I don't give a crap about what my brother really does, besides finding out what he is doing to screw up the computer often and actually proving it to him. Also the fact that if he watches porn or not which I don't want him to, especially on a family computer. That is by far a bigger issue rather than debate whether I'm 'infringing' his rights, especially when you are implicitly quoting the electronics act which is ever changing and is really a generalization to keep everyone happy.

    Elysia, eitherways I think it's funny that you are saying spying is wrong, because I think it's pretty much well known that companies and governments are constantly doing it to each other, not on the software basis alone, but physically, the very countries that enforce it, also break it, so it's rather contradictory.

    I 'spy' not because I want to read my brother's love letters or to see the latest round of poker that he is playing, but for reasons I have mentioned above, I have a younger brother who is 5 and uses the computer downstairs too.

    Eitherways, I will 'inform' him, if I ever intend to monitor him in the future.

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    Quote Originally Posted by laserlight View Post
    Even if it were legal to monitor without informing, it would still be unethical.
    Depends, if it's at the workplace, no.

    At the workplace, you are meant to be working, not personal stuff. So it's really the person being monitored that is at fault.

  10. #25
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    At the workplace, you are meant to be working, not personal stuff.
    That's besides the point. The point is that the invasion of privacy without warning is unethical. That the employee abused company resources is another matter, especially company policy on private use of company computing equipment varies.

    And plus I think nowadays people working on computers are informed beforehand when they join the job that computers are being monitored.
    That could be due to law, or it could be due to ethical concerns.
    Last edited by laserlight; 03-21-2008 at 05:33 AM.
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  11. #26
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    Quote Originally Posted by laserlight View Post
    That's besides the point. The point is that the invasion of privacy without warning is unethical. That the employee abused company resources is another matter, especially company policy on private use of company computing equipment varies.
    But who sets these 'ethical' standards? What's the basis of all of this.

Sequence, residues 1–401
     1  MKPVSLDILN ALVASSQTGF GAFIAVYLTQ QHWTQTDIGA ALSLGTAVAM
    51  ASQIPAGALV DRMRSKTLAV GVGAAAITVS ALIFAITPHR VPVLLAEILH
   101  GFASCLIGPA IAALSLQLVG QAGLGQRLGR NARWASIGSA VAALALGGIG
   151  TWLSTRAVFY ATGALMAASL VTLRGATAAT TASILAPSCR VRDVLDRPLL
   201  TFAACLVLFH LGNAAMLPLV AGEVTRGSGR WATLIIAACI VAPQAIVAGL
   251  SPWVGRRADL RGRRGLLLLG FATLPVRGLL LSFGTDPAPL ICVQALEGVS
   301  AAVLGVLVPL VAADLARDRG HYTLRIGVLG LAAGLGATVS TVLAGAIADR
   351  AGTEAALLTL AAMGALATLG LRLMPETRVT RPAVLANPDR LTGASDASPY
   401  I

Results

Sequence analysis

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  12. #27
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    But who sets these 'ethical' standards?
    Reasoning and introspection, e.g., would you like to be monitored without your knowledge?
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    Quote Originally Posted by laserlight View Post
    Reasoning and introspection, e.g., would you like to be monitored without your knowledge?
    EDIT:
    If I was at work, no i wouldn't mind. I actually subscribe to 'responsibility' if I was caught doing something at work and I didn't know they were monitoring, it's still my fault, not their fault.

    If I was at home, yes i would, because no needs to monitor me there, unless I was doing something wrong again, like MESSING UP the family computers.

    Eitherways 'reasoning' seems to vary a lot these days, so that doesn't really hold.
    Last edited by JFonseka; 03-21-2008 at 05:42 AM.
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  14. #29
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    If I was at work, no. I actually subscribe to 'responsibility' if I was caught doing something at work and I didn't know they were monitoring, it's still my fault, not their fault.
    That only shows that it is unethical for you to use the company's computer irresponsibly. It does not show that it is ethical to monitor the computer without your knowledge (e.g., the ethics of duty here could apply in both directions).

    If I was at home, yes, because no needs to monitor me there, unless I was doing something wrong again, like MESSING UP the family computers.
    You're missing the point: I am not arguing that it is the monitoring that is unethical, but the lack of prior warning that is unethical.
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    Quote Originally Posted by JFonseka View Post
    This 'privacy' issue has led to many a time criminals getting away and employees abusing the system.
    That's different. Sometimes there is need for surveillance. But spying on someone without really good cause is just plain wrong. There must be a line drawn somewhere.

    Quote Originally Posted by JFonseka View Post
    Elysia, eitherways I think it's funny that you are saying spying is wrong, because I think it's pretty much well known that companies and governments are constantly doing it to each other, not on the software basis alone, but physically, the very countries that enforce it, also break it, so it's rather contradictory.
    How so? I never claimed I like companies or governments spying either. It should all stop, if you ask me.

    Quote Originally Posted by JFonseka View Post
    I 'spy' not because I want to read my brother's love letters or to see the latest round of poker that he is playing, but for reasons I have mentioned above, I have a younger brother who is 5 and uses the computer downstairs too.
    You realize that typically a front approach works better than just trying to deny everything for someone?
    Quote Originally Posted by Adak View Post
    io.h certainly IS included in some modern compilers. It is no longer part of the standard for C, but it is nevertheless, included in the very latest Pelles C versions.
    Quote Originally Posted by Salem View Post
    You mean it's included as a crutch to help ancient programmers limp along without them having to relearn too much.

    Outside of your DOS world, your header file is meaningless.